What is your opinion on wholesaling as an entrance strategy?

3 Replies

I'm looking at the options to grow my capital, so I'm curious what the veterans think. If you needed to make some quick cash, especially working with a hard money lender or another investor, is this a route YOU would take? Why or why not?

I've heard some investors say that wholesaling is the be all end all of starting out in real estate with no startup capital, while I've heard others shame it as being underhanded.

Would you consider it underhanded to go out and find motivated sellers, negotiate a deal, and sell that deal to an investor with the capital (at a good discount, obviously, I wouldn't offer another investor something that they couldn't make at least $20,000+ on) or would you consider it a prudent way to get familiar with the markets and networks, with minimal asset liability?

If you've got any experience with wholesaling, I want to hear your opinion please, and your favorite story if you have one to share!

I'm not a pro, but I can still give a little insight.

I don't know if you've listened to the podcasts, and anyone that says that you have to be good at almost everything in order to do wholesaling, they're right. You need marketing to generate the leads, negotiating to follow up on the leads and get the price you need to make the deal work, while also working for a flipper. You have to be good at contracting and making sure they are legal. Then you have to be good at marketing the property to flippers and showing them the inherit value in your property.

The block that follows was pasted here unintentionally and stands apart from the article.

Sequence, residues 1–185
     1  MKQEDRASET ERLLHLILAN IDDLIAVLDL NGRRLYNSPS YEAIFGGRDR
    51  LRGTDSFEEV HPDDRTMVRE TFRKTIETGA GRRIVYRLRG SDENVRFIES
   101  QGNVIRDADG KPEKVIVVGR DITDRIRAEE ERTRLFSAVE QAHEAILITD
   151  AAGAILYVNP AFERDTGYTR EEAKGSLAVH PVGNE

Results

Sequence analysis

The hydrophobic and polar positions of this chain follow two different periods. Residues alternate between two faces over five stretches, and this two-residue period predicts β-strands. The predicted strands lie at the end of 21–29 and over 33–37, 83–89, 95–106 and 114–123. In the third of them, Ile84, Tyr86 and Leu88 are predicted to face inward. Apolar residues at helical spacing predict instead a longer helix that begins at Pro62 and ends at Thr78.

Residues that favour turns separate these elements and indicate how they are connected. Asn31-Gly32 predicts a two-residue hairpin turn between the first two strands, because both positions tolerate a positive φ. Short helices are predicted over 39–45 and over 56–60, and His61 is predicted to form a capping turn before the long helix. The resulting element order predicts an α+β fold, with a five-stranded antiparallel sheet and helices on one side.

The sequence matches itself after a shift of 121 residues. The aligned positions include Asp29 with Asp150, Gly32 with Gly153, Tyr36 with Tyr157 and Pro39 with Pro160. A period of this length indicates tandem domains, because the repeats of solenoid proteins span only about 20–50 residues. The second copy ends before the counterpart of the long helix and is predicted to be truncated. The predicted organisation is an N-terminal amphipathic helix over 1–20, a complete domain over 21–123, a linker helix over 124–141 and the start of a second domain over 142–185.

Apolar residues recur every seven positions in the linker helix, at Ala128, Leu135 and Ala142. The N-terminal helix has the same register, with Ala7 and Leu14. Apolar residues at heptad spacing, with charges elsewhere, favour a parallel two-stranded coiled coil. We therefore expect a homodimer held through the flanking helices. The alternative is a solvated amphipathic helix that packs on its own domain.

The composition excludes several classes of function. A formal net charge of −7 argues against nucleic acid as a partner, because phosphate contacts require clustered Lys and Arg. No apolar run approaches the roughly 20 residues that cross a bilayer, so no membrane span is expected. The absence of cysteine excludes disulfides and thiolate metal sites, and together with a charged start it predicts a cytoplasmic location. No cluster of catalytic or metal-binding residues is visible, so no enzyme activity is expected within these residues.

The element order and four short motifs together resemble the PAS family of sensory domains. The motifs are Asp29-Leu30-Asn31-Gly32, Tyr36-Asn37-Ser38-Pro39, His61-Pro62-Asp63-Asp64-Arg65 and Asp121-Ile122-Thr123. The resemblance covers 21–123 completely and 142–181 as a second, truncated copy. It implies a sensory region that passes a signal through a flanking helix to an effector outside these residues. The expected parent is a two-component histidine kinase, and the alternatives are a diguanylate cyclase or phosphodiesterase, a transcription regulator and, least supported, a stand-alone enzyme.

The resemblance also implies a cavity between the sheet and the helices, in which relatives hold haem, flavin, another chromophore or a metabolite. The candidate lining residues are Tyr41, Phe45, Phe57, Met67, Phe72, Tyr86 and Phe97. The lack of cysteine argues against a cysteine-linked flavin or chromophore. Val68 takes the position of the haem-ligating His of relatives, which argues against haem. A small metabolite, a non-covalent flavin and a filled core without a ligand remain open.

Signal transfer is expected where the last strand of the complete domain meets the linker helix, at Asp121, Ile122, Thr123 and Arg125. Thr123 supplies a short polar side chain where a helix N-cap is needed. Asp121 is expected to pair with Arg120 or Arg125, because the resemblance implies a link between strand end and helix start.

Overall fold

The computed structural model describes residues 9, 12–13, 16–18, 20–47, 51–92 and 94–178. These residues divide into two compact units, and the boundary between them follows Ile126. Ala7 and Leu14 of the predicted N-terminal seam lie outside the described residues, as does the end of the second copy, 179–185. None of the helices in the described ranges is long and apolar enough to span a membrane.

Beyond this, I'm starting to see that wholesalers have a really bad rap for just trying to take people's money. Sure, I'm here to make some capital, but my overall objective, and the only way to survive I'm seeing is to be honest. You're there to help the seller with a problem. I highly recommend BP podcast #2 with Sharon Vornholt. She has a lot of great info.

Anyway, I'm a beginner too, but wholesaling is definitely a lot to take in at once. I've just made some deeper developments on my first deal, and I'm terrified.

I’m a wholesaler it’s a great way to get in the game but you do need money to start ( if you want to do it the right way ) start a direct mail marketing funnel and you need to be good at sales and talking to people...if that’s not your strong point hook up with a reputable wholesaler in your market that can bring you deals and just focus on fix and flipping... if you get in the fix and flip game you are essentially a project manager

good feedback... the only reason people say its the way to start is becasuse anyone can do it.

but very few actually succeed. you need money to create leads.. you need Uber sales and closing skills and then you need basic contractor skills you need to understand how escrows function and you need the time to do all that..

I don't know for the life of me why people think its the way to start in real estate when you have no money..

But if you can sell cars successfully you can sell real estate.

if you have 5 to 20k liquid to pay for marketing you can start.

if you can go 30 60 90 days or longer with out getting paid you can start

if you have a decent vehicle and afford gas you can start.

if you know how to do an escrow that helps

just much more too it.

the negative you get is that many get desperate or it simply attracts the less than ethical folks because no license required and in some markets were they prey on the not so bright owners they can really abuse them... its a fine line for sure..

not to mention its illegal the way most do it in most states.. just because they don't get caught does not make it legal.

assigning contracts OK.. makreitng a house you don't own on craigslist usually requires a licesne

But in my mind if your sharp enough to be a good wholesaler you can also be a good broker or anything else you choose to do.